“One of the questions my night officers are asked most often is the same one I was asked when I worked nights: ‘Where can we park, then?’ The answer is, wherever you’re going to employ a little personal responsibility and consideration. The bottom line is, if you trash a place up, or you’re loud and obnoxious and using profanity or drinking, you’re not going to be allowed there.”

Ceplina said people who come to the park in the morning are often greeted by a somewhat trashy scene.

“That makes it an unsavory place you don’t want to be at,” he said. “The city has worked hard over the past 30 years to build up Emmett Kelly Park and make it nice. It’s one of the first things people notice about Houston, and things like that are a strong representation of a town.”

Now and then, a citation will result from unruly behavior at the park or other gathering place.

“It’s disgraceful that we have such a nice set of facilities for everyone to use, and we know it’s just a few people who are going the extra mile to mess it up,” Ceplina said. “I don’t want to blame this all on younger kids, because they’re not the only ones who are littering — it’s a cumulative thing. But they’re generally the last ones seen in an area where there’s a lot of litter.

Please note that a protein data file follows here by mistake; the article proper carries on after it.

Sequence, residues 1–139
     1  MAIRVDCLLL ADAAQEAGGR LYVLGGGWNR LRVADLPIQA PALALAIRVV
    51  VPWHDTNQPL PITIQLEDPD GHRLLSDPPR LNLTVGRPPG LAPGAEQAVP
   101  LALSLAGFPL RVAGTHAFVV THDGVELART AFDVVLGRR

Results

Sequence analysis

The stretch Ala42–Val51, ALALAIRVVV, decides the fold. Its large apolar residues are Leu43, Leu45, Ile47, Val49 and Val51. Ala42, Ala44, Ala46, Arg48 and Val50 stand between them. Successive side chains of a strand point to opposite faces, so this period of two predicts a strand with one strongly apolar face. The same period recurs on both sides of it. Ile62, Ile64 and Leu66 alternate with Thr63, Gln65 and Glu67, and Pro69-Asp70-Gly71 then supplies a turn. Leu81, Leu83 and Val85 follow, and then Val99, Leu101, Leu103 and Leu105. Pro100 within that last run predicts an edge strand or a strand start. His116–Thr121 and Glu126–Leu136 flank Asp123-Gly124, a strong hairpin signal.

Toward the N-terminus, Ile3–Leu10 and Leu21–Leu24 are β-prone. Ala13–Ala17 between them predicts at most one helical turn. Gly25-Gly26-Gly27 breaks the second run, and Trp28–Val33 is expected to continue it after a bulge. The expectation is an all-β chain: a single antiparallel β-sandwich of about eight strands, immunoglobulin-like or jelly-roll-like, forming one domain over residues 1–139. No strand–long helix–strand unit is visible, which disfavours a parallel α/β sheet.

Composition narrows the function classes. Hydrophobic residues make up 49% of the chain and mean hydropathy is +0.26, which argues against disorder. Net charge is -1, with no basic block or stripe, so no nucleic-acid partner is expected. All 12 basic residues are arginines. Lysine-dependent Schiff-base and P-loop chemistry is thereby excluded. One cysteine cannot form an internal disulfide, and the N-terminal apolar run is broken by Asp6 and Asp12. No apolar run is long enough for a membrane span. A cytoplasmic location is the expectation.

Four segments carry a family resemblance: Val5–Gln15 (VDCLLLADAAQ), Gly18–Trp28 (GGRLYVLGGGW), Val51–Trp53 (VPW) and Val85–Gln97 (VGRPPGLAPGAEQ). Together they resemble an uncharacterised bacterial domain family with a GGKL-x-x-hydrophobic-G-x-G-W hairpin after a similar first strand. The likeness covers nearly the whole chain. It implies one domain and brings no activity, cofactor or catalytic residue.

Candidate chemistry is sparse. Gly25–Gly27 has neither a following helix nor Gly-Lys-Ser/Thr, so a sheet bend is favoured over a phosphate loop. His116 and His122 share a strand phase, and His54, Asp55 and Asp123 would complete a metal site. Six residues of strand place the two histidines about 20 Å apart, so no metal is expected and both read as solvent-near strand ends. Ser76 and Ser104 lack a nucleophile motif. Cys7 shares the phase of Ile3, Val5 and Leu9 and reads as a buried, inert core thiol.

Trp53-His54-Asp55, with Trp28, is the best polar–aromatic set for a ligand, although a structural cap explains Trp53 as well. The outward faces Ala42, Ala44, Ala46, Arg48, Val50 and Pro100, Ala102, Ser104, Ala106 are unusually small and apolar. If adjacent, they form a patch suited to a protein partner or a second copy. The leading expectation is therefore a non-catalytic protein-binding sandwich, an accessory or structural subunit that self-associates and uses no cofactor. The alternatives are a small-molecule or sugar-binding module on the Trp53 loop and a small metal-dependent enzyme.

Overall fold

“If you’re considerate of others and take that extra two minutes to pick up after yourself when you’re done using a location or facility, you’re not going to have an issue at all.”

Ceplina said one solution to the park’s situation would be a curfew specific to it — an idea that hasn’t been officially discussed by city authorities, but that has been pondered by Ceplina, Mayor Don Tottingham and other officials. A current City of Houston curfew ordinance states that people under the age of 18 are to be off the streets from 11 p.m. to 5 a.m. weekdays and midnight to 5 a.m. Saturday and Sunday. “I hope it’s not necessary to have a park curfew that’s any different,” Ceplina said. “Personally, I want the young people to use the park and I want them to have a place to gather. But I also want them to do it responsibly.